10 Questions With… Alice Cooper

Rock star and philanthropist

You’re 74 and still rocking strong. Any tips to share?

I got sober 40 years ago, and I never smoked cigarettes. That has a lot to do with longevity. Plus, if you love what you do, it’s not really a job. 

When you started out, did you think your career would last this long? 

Nobody thought in those days that anyone would get past 30. It turned out 27 was the expiration date for most rock stars. We all took our cues from the Beatles and the Stones. McCartney is still touring, and so is Ringo. They’re well into their 80s. No one can explain Keith Richards. 

You’re known for your stage antics, but you’re a famously nice guy. What else would readers be surprised to learn about you?

Most people know I am a Christian. I have taught Bible study. I am a ninja with throwing knives and was inducted into the International Knife Throwers Hall of Fame. And I NEVER get nervous before a show.

You are famous for your signature rocker style. Do you have a stylist, or does your wife Sheryl help with the shopping?

I am my own stylist. I help Sheryl with her shopping. 

How has your style changed over the years?

My offstage style motto is: “You Get Older, But You Don’t Have to Be Old.” You’ll never see me wearing baggy pants, suspenders or comfortable shoes. 

You are changing the lives of local youth with your Alice Cooper’s Solid Rock Teen Centers. Why did you start them?

I felt that God was directing Sheryl and me toward teenagers. My thoughts are that every teenager has talent. Let’s find it through The Rock Teen Center’s fine art programs (guitar, drum, bass, keyboards, dance, art, voice and technical production). When they find that talent, it can break a potentially negative cycle and steer them toward a better lifestyle and amazing opportunities. Some teens don’t know they’re a guitar player until they pick up a guitar. 

I share with them that when I was 15 years old, I didn’t know what to do with myself. My friends and I started  the band. I learned to sing, write songs and perform onstage by trial and error. Thirty gold albums later, well … you know.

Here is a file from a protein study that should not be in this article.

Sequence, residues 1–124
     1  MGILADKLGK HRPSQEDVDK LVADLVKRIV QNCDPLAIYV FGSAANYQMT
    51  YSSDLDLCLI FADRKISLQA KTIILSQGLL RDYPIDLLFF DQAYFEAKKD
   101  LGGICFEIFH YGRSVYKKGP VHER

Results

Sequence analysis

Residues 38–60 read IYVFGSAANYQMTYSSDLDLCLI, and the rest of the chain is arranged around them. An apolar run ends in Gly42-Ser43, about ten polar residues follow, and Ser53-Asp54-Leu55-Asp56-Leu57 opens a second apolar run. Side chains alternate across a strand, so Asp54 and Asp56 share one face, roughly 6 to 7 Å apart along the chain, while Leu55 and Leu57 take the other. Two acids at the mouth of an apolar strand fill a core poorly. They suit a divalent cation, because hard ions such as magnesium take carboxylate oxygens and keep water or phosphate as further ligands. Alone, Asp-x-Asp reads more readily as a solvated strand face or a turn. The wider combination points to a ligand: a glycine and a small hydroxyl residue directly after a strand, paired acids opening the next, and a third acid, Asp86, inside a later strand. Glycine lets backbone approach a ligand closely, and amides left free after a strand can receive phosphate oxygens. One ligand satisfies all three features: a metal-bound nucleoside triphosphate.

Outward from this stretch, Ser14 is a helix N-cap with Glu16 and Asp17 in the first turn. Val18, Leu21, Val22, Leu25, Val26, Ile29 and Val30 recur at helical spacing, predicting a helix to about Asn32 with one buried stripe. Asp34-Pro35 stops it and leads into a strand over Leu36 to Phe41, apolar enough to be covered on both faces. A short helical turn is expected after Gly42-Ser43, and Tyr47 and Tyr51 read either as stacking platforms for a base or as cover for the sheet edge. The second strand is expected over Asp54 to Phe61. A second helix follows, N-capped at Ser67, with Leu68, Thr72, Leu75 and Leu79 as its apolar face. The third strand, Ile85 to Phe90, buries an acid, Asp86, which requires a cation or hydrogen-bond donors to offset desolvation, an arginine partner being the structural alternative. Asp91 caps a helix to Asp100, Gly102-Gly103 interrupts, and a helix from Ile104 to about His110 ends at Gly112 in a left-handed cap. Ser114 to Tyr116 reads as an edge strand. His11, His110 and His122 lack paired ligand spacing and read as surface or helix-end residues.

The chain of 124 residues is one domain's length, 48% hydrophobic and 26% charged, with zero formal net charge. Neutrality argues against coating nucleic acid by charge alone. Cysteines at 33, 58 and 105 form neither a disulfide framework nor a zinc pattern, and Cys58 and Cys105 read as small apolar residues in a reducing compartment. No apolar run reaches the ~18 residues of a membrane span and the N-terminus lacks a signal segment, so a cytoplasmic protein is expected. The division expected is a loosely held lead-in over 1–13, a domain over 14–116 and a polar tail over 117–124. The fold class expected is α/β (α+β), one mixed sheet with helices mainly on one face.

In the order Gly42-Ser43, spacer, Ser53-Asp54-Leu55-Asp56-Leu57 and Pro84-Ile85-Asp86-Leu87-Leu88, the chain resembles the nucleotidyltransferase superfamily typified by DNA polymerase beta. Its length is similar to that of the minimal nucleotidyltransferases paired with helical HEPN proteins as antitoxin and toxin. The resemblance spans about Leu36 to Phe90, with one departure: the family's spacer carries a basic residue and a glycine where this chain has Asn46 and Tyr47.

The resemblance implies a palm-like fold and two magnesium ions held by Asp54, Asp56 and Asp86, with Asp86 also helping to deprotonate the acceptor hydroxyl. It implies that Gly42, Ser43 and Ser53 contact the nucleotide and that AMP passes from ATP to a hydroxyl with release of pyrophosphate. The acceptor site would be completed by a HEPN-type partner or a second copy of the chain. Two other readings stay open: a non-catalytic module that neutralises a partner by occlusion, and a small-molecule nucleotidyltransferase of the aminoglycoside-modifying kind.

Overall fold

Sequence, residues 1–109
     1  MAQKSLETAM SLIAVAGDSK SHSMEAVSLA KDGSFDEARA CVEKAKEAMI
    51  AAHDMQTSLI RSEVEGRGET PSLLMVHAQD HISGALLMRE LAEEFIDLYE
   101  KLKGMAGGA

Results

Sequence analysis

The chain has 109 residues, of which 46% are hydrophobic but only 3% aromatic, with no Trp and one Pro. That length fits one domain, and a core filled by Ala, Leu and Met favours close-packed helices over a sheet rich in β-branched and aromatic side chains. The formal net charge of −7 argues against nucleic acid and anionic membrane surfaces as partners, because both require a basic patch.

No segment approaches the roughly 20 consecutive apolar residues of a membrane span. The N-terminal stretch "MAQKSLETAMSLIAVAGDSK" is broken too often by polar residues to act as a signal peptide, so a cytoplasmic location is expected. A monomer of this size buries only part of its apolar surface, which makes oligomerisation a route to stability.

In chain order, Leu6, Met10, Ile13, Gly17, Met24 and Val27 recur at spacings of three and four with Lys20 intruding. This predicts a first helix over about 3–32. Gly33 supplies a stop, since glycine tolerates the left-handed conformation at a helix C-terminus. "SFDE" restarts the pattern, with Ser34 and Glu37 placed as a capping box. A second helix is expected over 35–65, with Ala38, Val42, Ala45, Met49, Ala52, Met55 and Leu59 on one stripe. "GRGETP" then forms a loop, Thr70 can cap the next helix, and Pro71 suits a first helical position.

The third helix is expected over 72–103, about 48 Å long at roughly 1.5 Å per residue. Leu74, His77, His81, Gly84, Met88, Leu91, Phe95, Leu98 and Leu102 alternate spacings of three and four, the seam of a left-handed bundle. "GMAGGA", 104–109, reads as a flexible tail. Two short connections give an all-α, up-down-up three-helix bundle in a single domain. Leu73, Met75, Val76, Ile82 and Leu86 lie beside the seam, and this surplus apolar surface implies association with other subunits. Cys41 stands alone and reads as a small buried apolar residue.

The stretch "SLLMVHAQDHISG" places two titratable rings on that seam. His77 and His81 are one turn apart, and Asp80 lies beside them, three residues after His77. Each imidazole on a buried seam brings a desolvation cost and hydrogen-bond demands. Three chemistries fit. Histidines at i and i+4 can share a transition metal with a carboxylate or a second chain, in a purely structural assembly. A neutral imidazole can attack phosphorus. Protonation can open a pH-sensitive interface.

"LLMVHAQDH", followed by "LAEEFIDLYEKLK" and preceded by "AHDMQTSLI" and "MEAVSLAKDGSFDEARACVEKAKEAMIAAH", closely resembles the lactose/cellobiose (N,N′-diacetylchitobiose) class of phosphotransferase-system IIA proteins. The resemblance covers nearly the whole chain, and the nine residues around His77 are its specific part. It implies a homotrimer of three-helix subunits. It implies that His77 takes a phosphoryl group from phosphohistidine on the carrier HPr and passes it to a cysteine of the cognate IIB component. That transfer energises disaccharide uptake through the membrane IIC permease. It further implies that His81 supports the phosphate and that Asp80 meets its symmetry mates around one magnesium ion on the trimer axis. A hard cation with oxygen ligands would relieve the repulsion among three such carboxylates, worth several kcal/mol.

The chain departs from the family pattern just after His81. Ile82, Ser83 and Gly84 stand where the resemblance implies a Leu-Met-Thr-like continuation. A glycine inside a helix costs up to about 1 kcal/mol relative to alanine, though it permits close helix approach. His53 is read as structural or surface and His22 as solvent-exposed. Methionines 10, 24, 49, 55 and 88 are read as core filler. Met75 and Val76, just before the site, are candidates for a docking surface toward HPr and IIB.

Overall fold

What does it feel like to share your love of music in a safe, nurturing space?

Music is THE international language. I can talk to a 70-year-old classic rock guy or a 17 year old about music. Everyone has different tastes, and I love turning young guitar players on to Jeff Beck, Mike Bloomfield and Frank Zappa and having them listen to some of the greatest solos ever played. 

If you could have dinner with one musician, dead or alive, who would it be?

Paul Butterfield. He was the greatest blues harp player ever.  I learned how to play harmonica by listening to his first two albums. 

What would you like your own legacy to be?

The man who married hard rock to stage theatrics and made it work for six decades. I would be the Ziegfield of rock ‘n roll

Is there anything you’d like our readers to know about you or the Solid Rock Teen Centers?

The Lord Jesus Christ changed my life in such a positive way. He gave me the talent I have and turned me from a drunken wreck to a new life so that Solid Rock could be a reality and become a positive force in the lives of teenagers. I’m still the greatest villain in rock ‘n’ roll, but for all the right reasons. 

To learn more, visit alicecoopersolidrock.com.

About Karen Werner

Karen Werner is the editor of Frontdoors Media. She is a writer, editor and media consultant. She has interned at The New Yorker, worked at Parents Magazine, edited five books and founded several local magazines. Her work has appeared in Sunset, Mental Floss and the Saturday Evening Post.

From Frontdoors Magazine

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